At the current time, professional astronomers are ramping up time domain surveys, both in space (for example the recently ended Kepler mission and the current TESS) and on the ground (for example the Zwicky Transient Factory and the upcoming Legacy Survey of Space and Time at the Vera Rubin Observatory).  These projects have established that variable star science as one of the best-supported areas for the upcoming decade, and this presents a new landscape in which AAVSO can be especially vibrant scientifically, but also in which AAVSO must find niches not filled by the bigger glass.  These can come through a variety of approaches -- observations of brighter sources, use of different time sampling strategies, use of different color filters, and use of less common techniques like polarization and spectroscopy.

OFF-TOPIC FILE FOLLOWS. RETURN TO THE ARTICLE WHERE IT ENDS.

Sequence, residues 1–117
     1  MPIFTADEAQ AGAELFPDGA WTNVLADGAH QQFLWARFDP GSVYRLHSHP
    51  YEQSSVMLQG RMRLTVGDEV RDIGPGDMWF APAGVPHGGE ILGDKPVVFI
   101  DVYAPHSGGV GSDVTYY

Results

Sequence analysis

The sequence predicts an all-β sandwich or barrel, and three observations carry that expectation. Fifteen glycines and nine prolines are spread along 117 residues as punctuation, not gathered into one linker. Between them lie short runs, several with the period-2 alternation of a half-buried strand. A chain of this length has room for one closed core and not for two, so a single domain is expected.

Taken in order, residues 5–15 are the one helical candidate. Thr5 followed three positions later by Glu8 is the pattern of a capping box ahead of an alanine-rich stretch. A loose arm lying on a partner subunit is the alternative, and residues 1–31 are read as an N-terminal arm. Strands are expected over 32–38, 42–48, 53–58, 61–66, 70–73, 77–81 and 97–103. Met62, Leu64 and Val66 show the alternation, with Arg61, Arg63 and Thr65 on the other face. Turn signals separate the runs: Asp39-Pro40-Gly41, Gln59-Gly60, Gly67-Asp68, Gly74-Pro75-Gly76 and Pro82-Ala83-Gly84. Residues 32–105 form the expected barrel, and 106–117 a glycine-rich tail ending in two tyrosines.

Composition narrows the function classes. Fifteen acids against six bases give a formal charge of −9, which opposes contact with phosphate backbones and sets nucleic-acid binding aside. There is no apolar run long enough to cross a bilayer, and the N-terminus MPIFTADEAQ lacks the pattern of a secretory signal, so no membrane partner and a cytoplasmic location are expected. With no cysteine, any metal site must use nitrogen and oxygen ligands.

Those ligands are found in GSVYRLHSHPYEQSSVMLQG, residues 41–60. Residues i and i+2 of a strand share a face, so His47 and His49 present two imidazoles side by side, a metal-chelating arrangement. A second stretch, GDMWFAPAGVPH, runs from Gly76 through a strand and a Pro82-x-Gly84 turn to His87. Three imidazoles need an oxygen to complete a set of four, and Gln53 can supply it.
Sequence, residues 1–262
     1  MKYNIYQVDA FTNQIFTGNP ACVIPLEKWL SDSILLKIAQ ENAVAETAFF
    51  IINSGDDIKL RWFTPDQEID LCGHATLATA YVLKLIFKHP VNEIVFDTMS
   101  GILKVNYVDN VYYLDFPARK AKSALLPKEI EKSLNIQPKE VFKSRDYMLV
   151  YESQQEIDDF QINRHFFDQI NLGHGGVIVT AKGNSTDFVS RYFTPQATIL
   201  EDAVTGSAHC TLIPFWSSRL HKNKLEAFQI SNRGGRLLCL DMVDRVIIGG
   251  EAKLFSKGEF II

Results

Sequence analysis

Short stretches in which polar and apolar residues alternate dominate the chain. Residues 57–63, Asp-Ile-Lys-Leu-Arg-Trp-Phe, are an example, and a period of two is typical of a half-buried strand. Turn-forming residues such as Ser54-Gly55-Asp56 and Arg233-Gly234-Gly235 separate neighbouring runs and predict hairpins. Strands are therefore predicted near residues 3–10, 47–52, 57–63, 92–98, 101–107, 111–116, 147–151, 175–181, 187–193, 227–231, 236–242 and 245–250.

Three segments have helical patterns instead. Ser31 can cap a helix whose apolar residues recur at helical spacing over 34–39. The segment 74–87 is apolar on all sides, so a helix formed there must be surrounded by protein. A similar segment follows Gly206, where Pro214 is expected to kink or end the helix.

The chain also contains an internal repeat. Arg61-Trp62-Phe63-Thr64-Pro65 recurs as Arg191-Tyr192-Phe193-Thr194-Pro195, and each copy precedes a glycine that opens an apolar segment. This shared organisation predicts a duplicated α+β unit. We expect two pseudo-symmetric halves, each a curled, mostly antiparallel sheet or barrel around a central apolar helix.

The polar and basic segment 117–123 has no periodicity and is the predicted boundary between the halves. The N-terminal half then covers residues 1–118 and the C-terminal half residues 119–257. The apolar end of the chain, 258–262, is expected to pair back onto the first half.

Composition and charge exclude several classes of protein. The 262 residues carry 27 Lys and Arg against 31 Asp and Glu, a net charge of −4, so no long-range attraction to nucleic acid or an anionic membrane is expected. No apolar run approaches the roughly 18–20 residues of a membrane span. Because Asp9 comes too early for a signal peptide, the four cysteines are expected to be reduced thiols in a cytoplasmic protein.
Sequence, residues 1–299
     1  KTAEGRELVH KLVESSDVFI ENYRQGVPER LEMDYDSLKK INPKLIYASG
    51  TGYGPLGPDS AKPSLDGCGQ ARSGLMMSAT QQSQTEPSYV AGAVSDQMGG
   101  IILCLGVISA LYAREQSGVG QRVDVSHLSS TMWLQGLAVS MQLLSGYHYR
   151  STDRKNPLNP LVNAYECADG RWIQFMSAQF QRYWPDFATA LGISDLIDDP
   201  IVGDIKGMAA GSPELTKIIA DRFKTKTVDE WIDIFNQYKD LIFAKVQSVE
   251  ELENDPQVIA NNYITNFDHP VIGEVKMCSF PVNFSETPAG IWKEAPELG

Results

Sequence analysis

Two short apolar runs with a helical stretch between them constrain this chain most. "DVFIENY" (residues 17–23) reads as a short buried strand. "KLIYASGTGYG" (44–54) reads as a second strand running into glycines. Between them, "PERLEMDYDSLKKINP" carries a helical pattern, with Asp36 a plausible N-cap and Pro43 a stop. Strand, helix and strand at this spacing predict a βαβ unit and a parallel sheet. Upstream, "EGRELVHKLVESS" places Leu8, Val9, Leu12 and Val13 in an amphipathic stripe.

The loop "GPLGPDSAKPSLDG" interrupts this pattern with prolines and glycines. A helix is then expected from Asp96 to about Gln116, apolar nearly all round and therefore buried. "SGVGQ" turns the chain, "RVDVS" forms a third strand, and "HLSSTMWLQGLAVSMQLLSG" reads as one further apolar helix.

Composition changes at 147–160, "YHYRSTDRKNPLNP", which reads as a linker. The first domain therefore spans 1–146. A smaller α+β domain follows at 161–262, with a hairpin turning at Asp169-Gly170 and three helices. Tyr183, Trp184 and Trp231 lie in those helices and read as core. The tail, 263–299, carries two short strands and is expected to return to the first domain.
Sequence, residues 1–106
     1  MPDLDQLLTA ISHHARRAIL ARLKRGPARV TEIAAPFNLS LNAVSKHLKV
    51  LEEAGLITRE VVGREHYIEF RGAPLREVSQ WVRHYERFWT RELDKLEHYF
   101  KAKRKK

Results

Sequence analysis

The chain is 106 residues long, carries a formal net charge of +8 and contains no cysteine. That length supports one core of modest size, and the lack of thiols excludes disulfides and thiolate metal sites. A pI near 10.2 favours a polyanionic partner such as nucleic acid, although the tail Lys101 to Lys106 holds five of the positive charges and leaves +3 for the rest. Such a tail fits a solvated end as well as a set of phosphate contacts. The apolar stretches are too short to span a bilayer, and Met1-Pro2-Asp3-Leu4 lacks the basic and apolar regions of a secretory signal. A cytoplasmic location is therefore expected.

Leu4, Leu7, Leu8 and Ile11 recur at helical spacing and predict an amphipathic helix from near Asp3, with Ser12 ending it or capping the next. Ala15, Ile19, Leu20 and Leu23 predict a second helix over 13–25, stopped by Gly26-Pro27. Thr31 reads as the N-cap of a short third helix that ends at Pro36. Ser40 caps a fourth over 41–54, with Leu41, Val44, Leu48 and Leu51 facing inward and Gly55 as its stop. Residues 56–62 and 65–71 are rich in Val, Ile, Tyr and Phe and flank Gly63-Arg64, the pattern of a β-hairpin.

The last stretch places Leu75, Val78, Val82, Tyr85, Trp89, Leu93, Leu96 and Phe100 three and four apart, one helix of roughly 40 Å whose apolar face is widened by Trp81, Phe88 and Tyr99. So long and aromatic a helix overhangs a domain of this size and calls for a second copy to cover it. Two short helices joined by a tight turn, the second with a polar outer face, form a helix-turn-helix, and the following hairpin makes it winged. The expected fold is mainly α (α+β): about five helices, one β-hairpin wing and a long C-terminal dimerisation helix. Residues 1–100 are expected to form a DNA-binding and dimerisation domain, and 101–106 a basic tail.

A topic in which I am strongly interested in pursuing is to develop partnerships with facilities outside the optical bandpass.  X-ray astronomy has always had a strong time domain component, and radio astronomers are increasingly starting to look for transients.  Coordination of AAVSO observations with observations of X-ray satellites and radio telescopes has the potential to create dramatic improvements of the returns from these facilities.  Furthermore, there may be potential for NASA to help fund observations in support of satellite work.  This is an area where AAVSO’s distributed set of telescopes can provide a much higher chance of getting good weather somewhere than larger telescopes can provide.